No, we're not AMD fanboys, but NVIDIA needs to get with the times as their Vulkan and DX12 performance shows. To put it simply, Vulkan and DX12 are designed around parallel processing, which is far more efficient. AMD's GCN architecture is designed this way. NVIDIA's GeForce architecture is not, it is sequential and linear thus limiting for games. Vulkan and DX12 can have some stupidly good performance and/or gameplay improvements, but for that we need parallel GPU architecture to be the standard. Someone wake NVIDIA up.
NVIDIA is no stranger to parallel computing and compute performance. See their Quadro cards or even past GeForce like Fermi. Volta should be what we need, but NVIDIA is clearly waiting until the last minute, encouraging the use of primitive and very limiting graphics APIs until then, and slowing down engine development (e.g., Epic Games is too scared to take the next step in Vulkan and DX12 implementation with Unreal Engine 4 since they don't want to leave NVIDIA behind).
Vulkan/DX12 can lower CPU bottlenecks, driver overhead, have epic multi-GPU scaling (including using both NVIDIA and AMD GPUs together), and of course the draw call potential can lead to epic gameplay improvements. In a few years, when Vulkan and DX12 take over as primary graphics API, we will see some very nice improvements in games. It's a shame it can't happen now on a large scale.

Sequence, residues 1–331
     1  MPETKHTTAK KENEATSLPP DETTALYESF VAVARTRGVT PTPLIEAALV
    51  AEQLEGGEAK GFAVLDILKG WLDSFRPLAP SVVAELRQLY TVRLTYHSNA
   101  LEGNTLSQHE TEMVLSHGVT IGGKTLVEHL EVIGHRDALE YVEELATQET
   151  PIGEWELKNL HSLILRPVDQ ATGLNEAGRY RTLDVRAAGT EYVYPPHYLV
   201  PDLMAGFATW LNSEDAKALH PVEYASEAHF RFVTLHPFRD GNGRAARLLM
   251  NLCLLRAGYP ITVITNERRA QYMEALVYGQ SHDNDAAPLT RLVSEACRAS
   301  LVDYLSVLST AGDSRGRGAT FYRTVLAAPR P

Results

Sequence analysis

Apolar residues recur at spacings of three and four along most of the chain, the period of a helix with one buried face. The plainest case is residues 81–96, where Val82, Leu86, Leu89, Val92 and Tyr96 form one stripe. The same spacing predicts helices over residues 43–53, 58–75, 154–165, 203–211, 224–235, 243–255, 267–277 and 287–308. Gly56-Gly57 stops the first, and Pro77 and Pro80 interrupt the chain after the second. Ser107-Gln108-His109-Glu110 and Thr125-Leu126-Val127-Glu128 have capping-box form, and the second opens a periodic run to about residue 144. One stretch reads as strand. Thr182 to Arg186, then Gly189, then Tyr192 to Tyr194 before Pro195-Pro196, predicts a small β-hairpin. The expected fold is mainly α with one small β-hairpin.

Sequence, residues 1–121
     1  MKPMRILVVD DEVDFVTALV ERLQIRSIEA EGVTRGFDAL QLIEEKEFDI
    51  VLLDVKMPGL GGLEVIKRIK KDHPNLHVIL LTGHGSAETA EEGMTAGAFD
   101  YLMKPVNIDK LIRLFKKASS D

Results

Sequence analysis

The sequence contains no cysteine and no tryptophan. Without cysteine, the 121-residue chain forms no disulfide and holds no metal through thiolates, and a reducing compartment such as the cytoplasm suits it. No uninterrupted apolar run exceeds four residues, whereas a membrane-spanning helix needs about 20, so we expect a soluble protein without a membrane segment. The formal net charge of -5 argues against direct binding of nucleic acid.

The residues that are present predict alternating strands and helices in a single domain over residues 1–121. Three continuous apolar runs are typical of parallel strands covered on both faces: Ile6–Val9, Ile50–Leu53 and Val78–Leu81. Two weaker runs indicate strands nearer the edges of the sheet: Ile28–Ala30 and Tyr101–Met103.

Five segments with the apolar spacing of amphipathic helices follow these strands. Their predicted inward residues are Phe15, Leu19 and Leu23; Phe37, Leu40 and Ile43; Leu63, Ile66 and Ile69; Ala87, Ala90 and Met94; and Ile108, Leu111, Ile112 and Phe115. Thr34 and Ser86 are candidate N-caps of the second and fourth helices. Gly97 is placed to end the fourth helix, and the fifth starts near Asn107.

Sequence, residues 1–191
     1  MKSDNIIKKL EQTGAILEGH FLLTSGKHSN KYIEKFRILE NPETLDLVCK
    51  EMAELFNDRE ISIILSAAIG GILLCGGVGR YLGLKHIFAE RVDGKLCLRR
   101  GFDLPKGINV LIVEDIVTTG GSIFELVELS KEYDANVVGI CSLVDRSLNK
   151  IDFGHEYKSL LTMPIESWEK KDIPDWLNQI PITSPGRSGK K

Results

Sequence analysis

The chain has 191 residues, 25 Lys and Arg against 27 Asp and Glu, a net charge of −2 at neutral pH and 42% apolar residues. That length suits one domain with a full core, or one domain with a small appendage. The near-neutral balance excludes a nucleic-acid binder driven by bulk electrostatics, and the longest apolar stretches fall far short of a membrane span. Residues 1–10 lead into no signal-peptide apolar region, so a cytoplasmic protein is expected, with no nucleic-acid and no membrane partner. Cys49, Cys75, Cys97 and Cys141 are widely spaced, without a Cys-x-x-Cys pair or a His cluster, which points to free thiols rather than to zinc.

This brings up another aspect, and something not as specific to NVIDIA: Multi-GPU technologies, like SLI and CrossFire. These technologies have advanced poorly and NVIDIA is actually regressing and limiting their cards to 2-way SLI only. With the potential Vulkan and DX12 have for multi-GPU improvements, everyone including both NVIDIA and AMD and also game studios should be supporting it.
On a side note, NVIDIA's continued push for exclusivity and proprietary technologies is only limiting themselves and damaging the gaming industry. Volta and future NVIDIA GPUs will be more capable in OpenCL. By that time, NVIDIA PhysX should be ported to OpenCL and not be limited to NVIDIA GPUs. Physics are still in the stone age, with 2004's Half-Life 2 having more realistic and simply more physics than most modern games. PhysX is incredibly realistic in all areas, and can bring massive performance and gameplay improvements if it wasn't limited to CPUs and NVIDIA GPUs.
Thankfully, PhysX has since been ported to DirectCompute, showing performance improvements over CUDA even (which is bizarre). Hopefully OpenCL is next, and hopefully we see the growth in game physics that the industry so desperately needs.
As a side note, it would be nice if high quality shrouds using neutral colors and RGB LEDs, such as this EVGA GTX 1080 FTW, would become a standard design for high end GPUs so that they can match with any PC.
But NVIDIA's exclusivity won't change any time soon. At least their GPU architecture will presumably cease being so terribly outdated and limiting in 2018 with the release of Volta. Of all the hardware industries we have talked about in this article, this one has the most promise of catching up.